If this penniless fakir
of inexplicable miracles were alive today, what impact would he have on our society? In an age of exaggerated cynicism and rationalization, in an age in which terms like "baba" and "swami" are increasingly taking on not-so-nice meanings, where would his story stand?
Would his torn white (and not saffron - that color people seem to be afraid of) robes placate people suspicious of a communal agenda? Would his lack of a secret cabinet with hidden treasures comfort skeptics concerned about the masses being duped of their money? Would his succinct pearls of ordinary wisdom mollify netas suspecting a political ploy?
These are uncomfortable questions, but it would not be unrealistic to assume that Sai Baba of Shirdi, who had his share of detractors then, is sure to face plenty of criticism in this day. However, even a single reading of the Sai Satcharita is enough to prompt the question - can today's faith move mountains like it did then? Or, at the very least, heal disease? Of course, if you know a Sai Baba devotee, you know you will get a vehement yes for an answer.
K Raghavendra Rao's latest devotional attempts to depict the life of the simple saint (played by Nagarjuna), and is a dramatization of significant events described in the Sai Satcharita. The film traces Sai Baba's life from the time he was a wandering teenager who set up camp under a tree in Shirdi, first attracting the attention of Mhalsapati (Sarath Babu) and Gangabai (Rohini Hattangadey).
After his journey to the Himalayas, during which he studied all religions he could, he came back to Shirdi. He started being referred to as Sai and Baba, and from then on, his simplicity and wisdom, and an occasional miracle, made devout bhaktas out of people not just from the village, but also from lands far away. Sai's popularity infuriated many, including local moneylender Bhatia (Sayaji Shinde), who tried his best to defame him, even going as far as to get him murdered.
Whether you find Shirdi Sai, the movie, good or not depends entirely on you and your affinity to the object of faith here, and not on its maker. It is like hearing your favourite lunchtime folk tale told by your grandmother for the 15,678th time - would you judge it? There hasn't been a Telugu Sai Baba movie in a long while now, and by virtue of that fact alone, this film is likely to draw in lots of devotees.
Shirdi Sai, then, is a gratifying portrayal for Sai Baba devotees. Emotions run high, miracles are hailed, and nerves are soothed. There is some cinematic melodrama on display, and it all serves to effectively reproduce the legend of the saint. Devotees are likely to be moved by certain well-made scenes - the Urs-Ramanavami story; the 3-day period when Sai's soul is believed to have briefly left his body; and his eventual death, when he passes away after taking on Tatya's suffering.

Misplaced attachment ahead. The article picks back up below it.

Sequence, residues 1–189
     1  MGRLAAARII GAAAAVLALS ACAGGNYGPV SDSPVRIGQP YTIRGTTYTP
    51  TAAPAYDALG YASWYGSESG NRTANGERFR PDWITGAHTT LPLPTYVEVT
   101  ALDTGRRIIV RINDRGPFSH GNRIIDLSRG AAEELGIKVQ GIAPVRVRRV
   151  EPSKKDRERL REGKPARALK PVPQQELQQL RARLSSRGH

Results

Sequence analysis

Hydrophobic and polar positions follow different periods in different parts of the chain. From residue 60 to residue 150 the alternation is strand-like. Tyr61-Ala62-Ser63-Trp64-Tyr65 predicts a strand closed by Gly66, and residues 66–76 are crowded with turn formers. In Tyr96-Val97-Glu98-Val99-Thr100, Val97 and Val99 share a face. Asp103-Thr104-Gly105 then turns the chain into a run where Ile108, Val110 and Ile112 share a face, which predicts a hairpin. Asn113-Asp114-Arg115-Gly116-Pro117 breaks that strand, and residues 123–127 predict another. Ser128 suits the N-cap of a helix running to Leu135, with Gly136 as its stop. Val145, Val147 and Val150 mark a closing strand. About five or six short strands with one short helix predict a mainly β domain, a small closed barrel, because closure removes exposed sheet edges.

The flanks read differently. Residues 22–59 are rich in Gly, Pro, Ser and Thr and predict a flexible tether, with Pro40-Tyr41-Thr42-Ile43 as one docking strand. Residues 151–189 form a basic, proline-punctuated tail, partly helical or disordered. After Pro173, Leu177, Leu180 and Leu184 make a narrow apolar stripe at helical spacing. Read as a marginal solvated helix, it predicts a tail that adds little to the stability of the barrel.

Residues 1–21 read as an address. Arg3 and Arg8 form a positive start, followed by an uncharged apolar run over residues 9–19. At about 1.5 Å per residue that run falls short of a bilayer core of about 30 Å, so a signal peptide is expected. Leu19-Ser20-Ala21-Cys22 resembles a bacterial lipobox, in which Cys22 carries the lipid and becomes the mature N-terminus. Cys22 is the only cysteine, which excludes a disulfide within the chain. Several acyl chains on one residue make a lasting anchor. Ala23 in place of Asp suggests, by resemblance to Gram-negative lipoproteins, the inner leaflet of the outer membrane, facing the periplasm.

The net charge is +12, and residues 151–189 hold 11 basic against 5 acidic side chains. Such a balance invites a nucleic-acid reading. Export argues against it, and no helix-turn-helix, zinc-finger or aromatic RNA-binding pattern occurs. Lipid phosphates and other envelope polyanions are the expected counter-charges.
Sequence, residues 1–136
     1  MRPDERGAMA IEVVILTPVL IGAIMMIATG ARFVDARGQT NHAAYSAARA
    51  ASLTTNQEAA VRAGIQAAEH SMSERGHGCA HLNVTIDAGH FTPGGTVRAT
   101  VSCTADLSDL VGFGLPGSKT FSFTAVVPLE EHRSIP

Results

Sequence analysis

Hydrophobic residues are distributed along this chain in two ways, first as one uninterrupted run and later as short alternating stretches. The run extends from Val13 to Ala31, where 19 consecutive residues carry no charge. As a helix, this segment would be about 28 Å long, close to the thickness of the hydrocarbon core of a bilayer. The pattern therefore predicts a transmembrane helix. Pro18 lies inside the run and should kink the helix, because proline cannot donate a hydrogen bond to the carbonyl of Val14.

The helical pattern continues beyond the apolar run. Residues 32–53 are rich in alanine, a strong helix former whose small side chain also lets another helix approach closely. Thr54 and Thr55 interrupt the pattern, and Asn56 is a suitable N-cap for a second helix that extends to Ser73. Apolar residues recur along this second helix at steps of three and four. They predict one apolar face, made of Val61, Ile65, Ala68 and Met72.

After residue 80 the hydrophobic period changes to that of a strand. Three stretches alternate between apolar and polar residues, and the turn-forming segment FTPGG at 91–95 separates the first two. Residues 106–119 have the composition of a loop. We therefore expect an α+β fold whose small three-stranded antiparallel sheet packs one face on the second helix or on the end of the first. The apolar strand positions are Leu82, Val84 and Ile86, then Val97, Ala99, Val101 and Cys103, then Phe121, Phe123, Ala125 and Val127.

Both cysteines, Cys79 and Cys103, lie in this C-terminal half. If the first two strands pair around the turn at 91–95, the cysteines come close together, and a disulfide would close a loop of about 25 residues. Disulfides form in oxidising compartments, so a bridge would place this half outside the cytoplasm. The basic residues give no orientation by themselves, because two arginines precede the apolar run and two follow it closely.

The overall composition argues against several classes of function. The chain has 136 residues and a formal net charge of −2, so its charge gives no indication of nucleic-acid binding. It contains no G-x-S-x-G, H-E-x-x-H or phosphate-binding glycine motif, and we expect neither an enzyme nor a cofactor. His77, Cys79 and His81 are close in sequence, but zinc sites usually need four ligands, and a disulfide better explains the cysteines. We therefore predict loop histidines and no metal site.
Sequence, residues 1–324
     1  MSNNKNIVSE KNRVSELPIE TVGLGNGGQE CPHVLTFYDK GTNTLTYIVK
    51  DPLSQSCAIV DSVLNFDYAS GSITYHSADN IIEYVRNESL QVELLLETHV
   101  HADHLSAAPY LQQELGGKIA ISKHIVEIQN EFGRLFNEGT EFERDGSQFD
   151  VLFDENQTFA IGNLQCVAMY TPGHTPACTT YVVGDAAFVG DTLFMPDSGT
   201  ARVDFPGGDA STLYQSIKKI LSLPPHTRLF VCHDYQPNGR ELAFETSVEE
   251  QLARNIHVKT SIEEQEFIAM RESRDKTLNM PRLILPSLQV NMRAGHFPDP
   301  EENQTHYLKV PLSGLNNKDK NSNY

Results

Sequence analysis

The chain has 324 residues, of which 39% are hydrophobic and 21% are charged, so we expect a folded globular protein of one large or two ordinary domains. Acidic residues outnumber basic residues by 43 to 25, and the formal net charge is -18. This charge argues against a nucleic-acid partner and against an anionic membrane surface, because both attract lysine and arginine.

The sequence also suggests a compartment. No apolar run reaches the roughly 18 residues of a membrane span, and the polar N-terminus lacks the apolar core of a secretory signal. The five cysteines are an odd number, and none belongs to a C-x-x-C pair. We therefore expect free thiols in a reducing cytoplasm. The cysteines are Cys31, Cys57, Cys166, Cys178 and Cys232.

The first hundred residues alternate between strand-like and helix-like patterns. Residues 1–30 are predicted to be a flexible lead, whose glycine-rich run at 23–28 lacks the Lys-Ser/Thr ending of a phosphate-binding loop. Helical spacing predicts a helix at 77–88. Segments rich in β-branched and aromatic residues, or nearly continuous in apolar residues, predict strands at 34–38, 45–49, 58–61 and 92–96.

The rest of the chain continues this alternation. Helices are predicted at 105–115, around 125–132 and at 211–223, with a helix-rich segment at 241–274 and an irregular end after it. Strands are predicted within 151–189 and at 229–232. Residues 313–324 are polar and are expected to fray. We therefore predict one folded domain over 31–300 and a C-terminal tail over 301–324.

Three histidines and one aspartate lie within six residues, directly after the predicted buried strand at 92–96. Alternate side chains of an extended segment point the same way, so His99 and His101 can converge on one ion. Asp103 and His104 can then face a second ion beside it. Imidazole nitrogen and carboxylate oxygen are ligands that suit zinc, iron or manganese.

But there is something about it that doesn't entirely click. The film does not conjure up that intense bhakthi
that devotional movies are generally known to. Maybe it is the fact that Sai's straightforward biography does not lend itself to grandiose depictions. Or maybe it is the fact that the movie has a rather old-fashioned treatment of its characters, not unlike a TV serial. Also, the studio sets prevent some scenes from rising to their potential.
That Nagarjuna Akkineni leads this film is a significant thing. The star, on his part, has put in a good performance. The role is much less intense than his roles in Annamayya and Sri Ramadasu
, but he has that calm yet strong presence that is needed for it. His persistence in sticking to genres like these is heartening, and hopefully paves the way for his contemporaries to take on leading roles that are not
in competition with those of their sons.
There is generally a good set of performances on display. Sarath Babu is dignified, Srikanth puts in a passionate act as Das Ganu, Komolinee Mukherjee is graceful as Radhakrishnamai, and Ruchita Deshmukh is pretty good as Lakshmi Bai. The youngster acting as Tatya is clearly gunning for a Nandi. Rohini Hattangadey should have been given more screen time, and Tanikella Bharani is an even rarer sight. It is mostly Sayaji Shinde and his comic sidekicks (Ali) who have a lot to do. Meanwhile, Dharmavarapu is hilarious.
Apart from Srihari as a Britisher (whose office is graced by a photo of the current Queen Elizabeth, no less), nobody in the film jars you.
Meanwhile, Keeravani is as awesome as he has been with these period films. Many a scene has been sparked to life because of a bhajan that springs up or a veena's twang that accentuates the emotion in there.
Watch it if you're a devotee, or even if you are in need of a little bit of spirituality on celluloid. It's not spectacular, but it does the job all the same.